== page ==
Opponents of Israel have been engaged in efforts to wage economic warfare against the Jewish State via Boycott, Divestment and Sanctions (BDS) campaigns for several years now. The latest such initiative, which failed this week, was a campaign to pressure Sonoma County in Northern California to stop working with Veolia, a French transportation company that is allegedly guilty of “servicing Israeli settlements in the West Bank.”
A resolution to consider not renewing the county’s contract with Veolia, which provides transit services worth $7 million, was considered on Tuesday by the county’s Human Rights Commission.The commission voted 5–4 against the resolution. It will “hear the issue further” at its August meeting, according to news reports.
In the seven years since the formal launch of an international campaign to boycott Israel, no American college campus in the United States has divested from Israel or companies that work with Israel. No church. No retirement fund. Israeli merchandise, including beauty products, hummus, and couscous, continues to be readily available on store shelves around the country.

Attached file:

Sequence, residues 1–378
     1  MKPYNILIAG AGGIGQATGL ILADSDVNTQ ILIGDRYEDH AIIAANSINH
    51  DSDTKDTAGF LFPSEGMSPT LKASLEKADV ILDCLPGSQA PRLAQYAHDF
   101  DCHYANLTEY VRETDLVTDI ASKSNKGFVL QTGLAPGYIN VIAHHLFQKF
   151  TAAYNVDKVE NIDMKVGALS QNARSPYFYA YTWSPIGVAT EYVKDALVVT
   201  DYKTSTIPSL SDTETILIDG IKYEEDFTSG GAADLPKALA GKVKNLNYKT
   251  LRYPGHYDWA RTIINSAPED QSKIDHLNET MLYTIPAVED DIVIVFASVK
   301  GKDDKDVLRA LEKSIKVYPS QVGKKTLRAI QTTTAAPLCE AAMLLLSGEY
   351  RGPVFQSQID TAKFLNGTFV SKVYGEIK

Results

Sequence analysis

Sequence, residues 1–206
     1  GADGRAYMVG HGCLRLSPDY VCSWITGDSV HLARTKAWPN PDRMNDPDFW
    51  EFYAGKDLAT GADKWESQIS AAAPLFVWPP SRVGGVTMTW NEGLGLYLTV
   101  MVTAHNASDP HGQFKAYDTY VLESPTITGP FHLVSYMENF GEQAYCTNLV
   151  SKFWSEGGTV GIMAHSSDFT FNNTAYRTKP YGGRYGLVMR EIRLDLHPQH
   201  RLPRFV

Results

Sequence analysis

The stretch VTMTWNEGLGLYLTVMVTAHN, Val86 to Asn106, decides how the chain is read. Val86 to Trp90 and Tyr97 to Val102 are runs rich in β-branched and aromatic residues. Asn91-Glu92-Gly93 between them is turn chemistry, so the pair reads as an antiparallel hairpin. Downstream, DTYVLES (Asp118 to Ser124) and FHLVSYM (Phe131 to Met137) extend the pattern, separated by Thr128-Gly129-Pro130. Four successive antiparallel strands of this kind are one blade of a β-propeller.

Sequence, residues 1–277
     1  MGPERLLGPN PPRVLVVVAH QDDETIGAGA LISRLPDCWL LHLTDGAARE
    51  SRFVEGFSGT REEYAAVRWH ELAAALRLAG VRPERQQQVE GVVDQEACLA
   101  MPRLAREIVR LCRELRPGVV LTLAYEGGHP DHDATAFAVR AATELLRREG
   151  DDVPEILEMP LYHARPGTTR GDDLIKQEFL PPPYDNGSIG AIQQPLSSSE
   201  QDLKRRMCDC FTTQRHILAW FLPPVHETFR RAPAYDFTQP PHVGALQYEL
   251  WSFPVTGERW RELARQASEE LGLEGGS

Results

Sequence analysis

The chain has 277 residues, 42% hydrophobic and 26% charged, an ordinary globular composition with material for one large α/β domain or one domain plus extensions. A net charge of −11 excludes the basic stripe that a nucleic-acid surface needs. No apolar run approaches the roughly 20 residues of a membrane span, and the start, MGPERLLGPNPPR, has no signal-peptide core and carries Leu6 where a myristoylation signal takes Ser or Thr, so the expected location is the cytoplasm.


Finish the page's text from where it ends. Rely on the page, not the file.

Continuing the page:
Despite the obvious lack of mainstream appeal, many domestic anti-Israel groups – including the “North Coast Coalition for Palestine,” which was responsible for the recent campaign in Sonoma County – seem to be unwilling to recognize defeat. Even a petition circulated by the group, which was posted to the US Campaign to End the Israeli Occupation’s Web site, garnered less than 300 signatures.
While these campaigns are used by anti-Israel activists as a delegitimization tactic, they have never had much chance of success. In this case, even if the Human Rights Commission would have voted in favor, it has no power to enact policy and would only have been able to present a recommendation to the county’s Board of Supervisors. Many divestment resolutions that are considered on college campuses are similarly non-binding.